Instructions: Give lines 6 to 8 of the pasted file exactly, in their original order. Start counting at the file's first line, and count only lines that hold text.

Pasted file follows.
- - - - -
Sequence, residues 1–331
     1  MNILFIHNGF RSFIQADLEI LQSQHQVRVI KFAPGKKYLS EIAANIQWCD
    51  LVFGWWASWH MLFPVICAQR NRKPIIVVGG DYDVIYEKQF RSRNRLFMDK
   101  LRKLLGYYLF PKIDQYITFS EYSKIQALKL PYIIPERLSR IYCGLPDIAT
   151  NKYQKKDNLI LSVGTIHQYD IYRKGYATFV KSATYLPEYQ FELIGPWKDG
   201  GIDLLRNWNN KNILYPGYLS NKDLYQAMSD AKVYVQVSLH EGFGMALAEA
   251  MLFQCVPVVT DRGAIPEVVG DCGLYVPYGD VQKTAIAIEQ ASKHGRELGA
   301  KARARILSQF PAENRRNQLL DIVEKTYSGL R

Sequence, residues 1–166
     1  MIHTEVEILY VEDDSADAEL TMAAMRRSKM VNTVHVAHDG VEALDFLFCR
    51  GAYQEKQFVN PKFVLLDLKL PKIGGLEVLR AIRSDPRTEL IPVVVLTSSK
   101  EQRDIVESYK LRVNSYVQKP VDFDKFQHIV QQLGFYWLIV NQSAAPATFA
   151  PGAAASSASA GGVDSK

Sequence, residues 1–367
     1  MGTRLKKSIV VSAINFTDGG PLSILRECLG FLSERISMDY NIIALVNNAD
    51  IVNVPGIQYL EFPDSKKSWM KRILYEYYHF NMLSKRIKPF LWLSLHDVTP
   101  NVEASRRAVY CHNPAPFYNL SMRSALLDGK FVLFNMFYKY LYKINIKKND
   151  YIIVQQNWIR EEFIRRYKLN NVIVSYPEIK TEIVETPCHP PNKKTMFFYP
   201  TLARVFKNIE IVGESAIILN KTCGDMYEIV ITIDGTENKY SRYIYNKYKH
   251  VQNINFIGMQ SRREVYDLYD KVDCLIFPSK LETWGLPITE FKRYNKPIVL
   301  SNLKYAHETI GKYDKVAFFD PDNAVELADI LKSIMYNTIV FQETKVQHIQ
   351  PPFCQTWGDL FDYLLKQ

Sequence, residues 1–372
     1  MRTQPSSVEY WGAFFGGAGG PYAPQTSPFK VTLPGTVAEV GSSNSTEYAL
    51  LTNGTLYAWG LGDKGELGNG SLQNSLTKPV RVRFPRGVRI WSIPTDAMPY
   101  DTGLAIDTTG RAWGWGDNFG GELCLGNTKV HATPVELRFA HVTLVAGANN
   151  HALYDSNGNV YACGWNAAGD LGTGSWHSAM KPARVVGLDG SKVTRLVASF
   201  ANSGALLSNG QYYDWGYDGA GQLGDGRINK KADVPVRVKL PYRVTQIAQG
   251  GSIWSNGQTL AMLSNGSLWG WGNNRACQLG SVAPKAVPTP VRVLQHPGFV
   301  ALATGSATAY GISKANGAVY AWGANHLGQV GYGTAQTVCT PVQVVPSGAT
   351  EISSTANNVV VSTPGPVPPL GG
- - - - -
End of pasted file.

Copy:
   201  GIDLLRNWNN KNILYPGYLS NKDLYQAMSD AKVYVQVSLH EGFGMALAEA
   251  MLFQCVPVVT DRGAIPEVVG DCGLYVPYGD VQKTAIAIEQ ASKHGRELGA
   301  KARARILSQF PAENRRNQLL DIVEKTYSGL R